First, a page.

I don’t often take delight in others misfortune (at least I hope I don’t). But I am pleased to see Labour’s Phil Woolas brought to book. As Immigration minister he championed the Daily Mail cause against aslylum seekers, talking tough and nasty in order to please the bigots. I would be pleased if a Lib Dem were to replace him, but for me it will be justice enough to see the man himself removed.
Having read round the internet on this subject, the case has brought some interesting responses, and by interesting I mean downright strange.
Firstly there is the Daily Mail, whose general readership Woolas liked to play to. You’d expect the usual foaming-at-the mouth commenters to be split as here was a Labour minister who championed their cause. Do they cheer that a Labour MP has been found out as a lying cheat, or complain that he “woz only sayin what we were all thinkin”. No contest, it was the former, with some going as far as to accuse Woolas of being part of some great conspiracy to drop immigration controls flood Britain with foreigners. Thus demonstrating how little influence reality has on the opinions of the typical anti-immigration nutter.
Then there are repeated snide comments about Lib Dem “lies”, and how “they all do it”, and “What’s new after 13 years of Labour spin”. I know the 140 characters of twitter don’t lend themselves to much nuance, but really? Are people over simplifying for the sake of making pithy comments, or do they really not get it?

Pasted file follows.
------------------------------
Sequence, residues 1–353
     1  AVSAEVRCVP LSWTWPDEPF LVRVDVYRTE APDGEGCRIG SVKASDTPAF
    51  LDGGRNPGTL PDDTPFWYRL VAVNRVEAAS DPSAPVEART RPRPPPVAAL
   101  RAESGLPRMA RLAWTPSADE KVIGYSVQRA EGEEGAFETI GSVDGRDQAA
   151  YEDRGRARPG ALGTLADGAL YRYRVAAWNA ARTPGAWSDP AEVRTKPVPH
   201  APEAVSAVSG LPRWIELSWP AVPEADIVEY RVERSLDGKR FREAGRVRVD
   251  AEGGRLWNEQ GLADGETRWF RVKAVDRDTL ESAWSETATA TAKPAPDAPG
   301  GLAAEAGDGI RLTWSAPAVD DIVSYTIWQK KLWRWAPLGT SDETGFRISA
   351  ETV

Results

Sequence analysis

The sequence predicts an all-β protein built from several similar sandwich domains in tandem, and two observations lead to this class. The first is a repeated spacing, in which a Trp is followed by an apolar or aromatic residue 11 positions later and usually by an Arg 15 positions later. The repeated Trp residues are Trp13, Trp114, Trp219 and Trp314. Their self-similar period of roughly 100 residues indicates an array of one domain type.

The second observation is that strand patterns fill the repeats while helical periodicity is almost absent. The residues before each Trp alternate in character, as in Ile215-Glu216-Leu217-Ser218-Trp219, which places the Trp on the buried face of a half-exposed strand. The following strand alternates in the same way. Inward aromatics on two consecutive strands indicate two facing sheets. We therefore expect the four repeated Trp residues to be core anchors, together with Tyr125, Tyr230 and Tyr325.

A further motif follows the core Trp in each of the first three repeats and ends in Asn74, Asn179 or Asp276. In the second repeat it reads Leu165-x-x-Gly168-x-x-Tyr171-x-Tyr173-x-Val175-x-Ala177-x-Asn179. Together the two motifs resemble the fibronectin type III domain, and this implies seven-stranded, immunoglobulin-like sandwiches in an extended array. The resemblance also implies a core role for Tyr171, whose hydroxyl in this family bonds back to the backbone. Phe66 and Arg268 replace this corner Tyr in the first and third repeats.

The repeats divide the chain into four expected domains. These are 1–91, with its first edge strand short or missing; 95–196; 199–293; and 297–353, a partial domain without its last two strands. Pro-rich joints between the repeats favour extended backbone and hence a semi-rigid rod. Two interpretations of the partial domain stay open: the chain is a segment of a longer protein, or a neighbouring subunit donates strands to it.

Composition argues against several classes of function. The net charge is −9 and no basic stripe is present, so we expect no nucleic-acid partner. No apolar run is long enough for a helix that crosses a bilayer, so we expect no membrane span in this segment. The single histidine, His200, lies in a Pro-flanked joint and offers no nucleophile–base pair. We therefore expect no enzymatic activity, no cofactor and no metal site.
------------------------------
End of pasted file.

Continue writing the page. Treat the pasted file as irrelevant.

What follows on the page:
This was not just someone who told a lie. This is not someone who just picked on things in isolation in order to make someone look bad. This is not someone who expressed an opinion that happened to turn out to be wrong. This is someone who made up stuff about someone else in order to make them look bad, and printed it.
Amongst the commentary there are also some odd ideas about what constitutes a lie, and what is morally equivalent to telling an out and out lie.
There is a difference between telling lies and presenting your case in the most positive light you can.
There is a difference between telling lies and expressing mistaken beliefs. An untruth told in “good faith”, while morally wrong and a crime of incompetence, is not a lie.
There is a difference between telling lies and turning your back on a promise (for whatever reason). Being hopelessly unrealistic about what you can achieve is not dishonesty.
There is a difference between seeing things differently to you, and expressing that opinions, and telling lies. (Europhobes take note.)
There is a difference between telling lies about yourself to make yourself look good, and telling lies about another person in order to make them look bad. While I don’t approve of dishonesty in self promotion, it’s ludicrous to claim it is morally equivalent to defamation.
And no, I don’t believe politicians routinely tell lies about their opponents. They may highlight aspects of their behaviour in a negative way, they may express their opinions about what their opponents attitude amounts to. But they don’t generally just make stuff up.
If you’ve reached this point and are nodding away, then THANK YOU. There are still some sane, rational people out there and hope for the world.
If you thought this was all weasel words and pedantic nonsense, then please please please do grow up.
More on Phil Woolas: